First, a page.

What is a carbon credit?
A carbon "credit" is a tradable certificate that represents one tonne (one metric tonne) of CO2e, defined as either one tonne of CO2 or an equivalent amount of other greenhouse gases.
Credit certificates may be generated by a wide range of activities that either remove a measurable amount of CO2e from the atmosphere or reduce the amount of CO2e being emitted.
Credits generated by emissions reductions can be an effective mechanism to subsidise and accelerate decarbonisation. The buyer offsets their own CO2e emissions by paying for the supplier to take measurable action to emit less greenhouse gases. So, for each credit, 1 tonne of CO2e gases is emitted instead of 2.
Credits generated by CO2 removal are based on CO2 being removed from the atmosphere and stored for timescales ranging from hundreds to thousands of years. The credits are transferred from the supplier (the entity removing GHGs) to the buyer. For each credit used by the buyer, one tonne of CO2e is removed from the atmosphere to balance out one tonne of the buyer's CO2e emissions. This equals a net zero increase in atmospheric greenhouse gases.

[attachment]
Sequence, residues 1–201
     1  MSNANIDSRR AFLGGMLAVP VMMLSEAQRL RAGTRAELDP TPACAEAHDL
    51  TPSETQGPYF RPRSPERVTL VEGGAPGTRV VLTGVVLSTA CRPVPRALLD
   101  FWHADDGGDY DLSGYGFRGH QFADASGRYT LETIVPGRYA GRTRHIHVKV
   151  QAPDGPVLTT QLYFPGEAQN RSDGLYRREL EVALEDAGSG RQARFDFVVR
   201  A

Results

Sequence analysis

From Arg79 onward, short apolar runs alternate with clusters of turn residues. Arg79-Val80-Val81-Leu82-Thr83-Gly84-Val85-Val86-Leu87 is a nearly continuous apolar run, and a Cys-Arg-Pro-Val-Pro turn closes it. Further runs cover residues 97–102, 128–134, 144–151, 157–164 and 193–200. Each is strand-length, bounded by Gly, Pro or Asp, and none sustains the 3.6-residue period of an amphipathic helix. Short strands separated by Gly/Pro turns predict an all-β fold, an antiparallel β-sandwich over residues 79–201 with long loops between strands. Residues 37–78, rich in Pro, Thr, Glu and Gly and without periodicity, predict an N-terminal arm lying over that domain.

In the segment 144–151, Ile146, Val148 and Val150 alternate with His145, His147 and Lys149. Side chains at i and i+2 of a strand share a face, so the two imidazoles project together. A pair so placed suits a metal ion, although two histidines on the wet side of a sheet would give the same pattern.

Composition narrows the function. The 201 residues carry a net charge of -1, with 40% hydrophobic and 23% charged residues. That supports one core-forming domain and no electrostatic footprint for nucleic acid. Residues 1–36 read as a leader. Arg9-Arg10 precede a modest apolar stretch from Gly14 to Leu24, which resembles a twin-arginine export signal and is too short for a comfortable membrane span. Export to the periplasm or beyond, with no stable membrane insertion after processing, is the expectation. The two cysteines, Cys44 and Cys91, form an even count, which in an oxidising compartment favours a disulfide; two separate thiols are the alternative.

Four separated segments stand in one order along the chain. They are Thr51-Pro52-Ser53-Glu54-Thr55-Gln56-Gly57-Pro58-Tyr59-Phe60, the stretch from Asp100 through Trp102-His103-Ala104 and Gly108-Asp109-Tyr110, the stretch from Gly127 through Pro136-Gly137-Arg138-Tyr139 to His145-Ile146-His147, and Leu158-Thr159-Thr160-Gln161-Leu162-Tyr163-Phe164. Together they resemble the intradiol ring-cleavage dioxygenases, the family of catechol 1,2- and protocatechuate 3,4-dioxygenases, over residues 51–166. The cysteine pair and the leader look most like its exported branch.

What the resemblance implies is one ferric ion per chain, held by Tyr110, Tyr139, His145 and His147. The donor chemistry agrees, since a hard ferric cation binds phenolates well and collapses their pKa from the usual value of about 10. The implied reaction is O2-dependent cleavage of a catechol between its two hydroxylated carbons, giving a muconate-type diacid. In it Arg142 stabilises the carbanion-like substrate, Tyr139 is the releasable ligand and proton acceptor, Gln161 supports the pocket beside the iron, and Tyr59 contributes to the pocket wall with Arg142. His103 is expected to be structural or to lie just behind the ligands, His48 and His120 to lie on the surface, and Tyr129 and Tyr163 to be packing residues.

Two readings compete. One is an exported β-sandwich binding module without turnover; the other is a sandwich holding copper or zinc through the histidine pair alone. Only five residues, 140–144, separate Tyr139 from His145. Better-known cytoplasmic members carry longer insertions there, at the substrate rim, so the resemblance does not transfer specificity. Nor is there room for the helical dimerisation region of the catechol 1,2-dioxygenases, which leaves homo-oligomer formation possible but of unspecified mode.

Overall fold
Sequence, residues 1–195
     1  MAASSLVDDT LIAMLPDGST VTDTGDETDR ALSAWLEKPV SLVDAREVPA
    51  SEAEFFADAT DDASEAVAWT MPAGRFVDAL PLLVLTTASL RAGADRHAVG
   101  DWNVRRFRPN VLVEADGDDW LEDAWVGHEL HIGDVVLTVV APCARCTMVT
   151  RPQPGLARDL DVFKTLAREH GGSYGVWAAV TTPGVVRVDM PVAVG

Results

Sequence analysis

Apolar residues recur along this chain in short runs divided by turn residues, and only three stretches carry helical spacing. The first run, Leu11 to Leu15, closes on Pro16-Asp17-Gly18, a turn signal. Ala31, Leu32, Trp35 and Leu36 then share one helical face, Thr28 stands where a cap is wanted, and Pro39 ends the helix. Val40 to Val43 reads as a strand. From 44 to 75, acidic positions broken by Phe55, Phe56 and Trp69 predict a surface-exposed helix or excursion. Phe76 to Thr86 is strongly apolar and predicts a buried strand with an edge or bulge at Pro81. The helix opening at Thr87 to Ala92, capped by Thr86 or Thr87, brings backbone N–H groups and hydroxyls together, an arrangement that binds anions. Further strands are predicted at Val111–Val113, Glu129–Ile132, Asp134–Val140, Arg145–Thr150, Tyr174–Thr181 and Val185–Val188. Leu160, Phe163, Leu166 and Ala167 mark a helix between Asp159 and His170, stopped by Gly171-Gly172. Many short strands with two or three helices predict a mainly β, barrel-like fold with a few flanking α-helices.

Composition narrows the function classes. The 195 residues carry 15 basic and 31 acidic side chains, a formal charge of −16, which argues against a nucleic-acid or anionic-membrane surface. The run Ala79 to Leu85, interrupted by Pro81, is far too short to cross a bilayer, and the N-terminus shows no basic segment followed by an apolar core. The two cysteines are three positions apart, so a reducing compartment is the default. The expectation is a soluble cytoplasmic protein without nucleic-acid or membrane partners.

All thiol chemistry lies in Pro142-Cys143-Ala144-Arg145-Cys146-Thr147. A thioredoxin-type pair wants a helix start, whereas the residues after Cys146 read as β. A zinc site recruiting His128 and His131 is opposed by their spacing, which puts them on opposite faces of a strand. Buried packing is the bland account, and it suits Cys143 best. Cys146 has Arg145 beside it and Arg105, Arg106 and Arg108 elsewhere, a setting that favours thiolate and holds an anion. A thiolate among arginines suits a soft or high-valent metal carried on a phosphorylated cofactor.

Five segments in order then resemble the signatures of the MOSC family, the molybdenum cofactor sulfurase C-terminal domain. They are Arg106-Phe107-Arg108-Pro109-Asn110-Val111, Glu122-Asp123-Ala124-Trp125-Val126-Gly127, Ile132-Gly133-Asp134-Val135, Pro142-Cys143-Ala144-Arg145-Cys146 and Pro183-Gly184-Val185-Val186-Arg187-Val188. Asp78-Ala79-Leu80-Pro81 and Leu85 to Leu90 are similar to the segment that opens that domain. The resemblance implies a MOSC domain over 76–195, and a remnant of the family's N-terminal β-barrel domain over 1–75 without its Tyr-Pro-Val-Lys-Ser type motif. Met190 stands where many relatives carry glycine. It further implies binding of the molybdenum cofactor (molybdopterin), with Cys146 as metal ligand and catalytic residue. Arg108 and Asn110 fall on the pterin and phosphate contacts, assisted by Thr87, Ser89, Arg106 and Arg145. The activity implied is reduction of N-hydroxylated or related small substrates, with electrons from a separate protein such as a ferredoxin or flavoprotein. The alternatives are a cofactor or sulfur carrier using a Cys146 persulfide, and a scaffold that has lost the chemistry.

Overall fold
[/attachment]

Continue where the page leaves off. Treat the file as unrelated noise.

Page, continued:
Both types of credit can also be purchased by individuals or organisations that do not need to reduce their emissions. Buyers may also purchase more offsets than their emissions require. This is called a climate positive approach.
What are the Carbon Markets?
Carbon credits are traded on carbon markets. There are two types: compliance and voluntary.
Compliance markets may be national or international government-regulated programs. The Clean Development Mechanism or CDM, recently renamed the Sustainable Development Mechanism or SDM, is a well-known example. Compliance markets on a national level are also known as cap and trade systems.
Voluntary markets trade internationally and supply offsets to companies and individuals seeking to reduce their carbon footprints outside any compliance program.
Are carbon markets regulated?
While there is no single set of rules regulating carbon markets, there are bodies that provide recommendations and set best practices.
For the voluntary carbon market, organisations such as The International Carbon Reduction and Offset Alliance (ICROA) seek to establish regulation and oversight to ensure the highest level of environmental integrity.
The Article 6 Rulebook established by the UNFCCC COP26 introduces a centralized management system and recording structure for international carbon trading under the SDM and allows for a selected exchange of credits between voluntary and compliance programs.
More detailed information on Article 6 and Nationally Determined Contributions (NDCs) can be found here.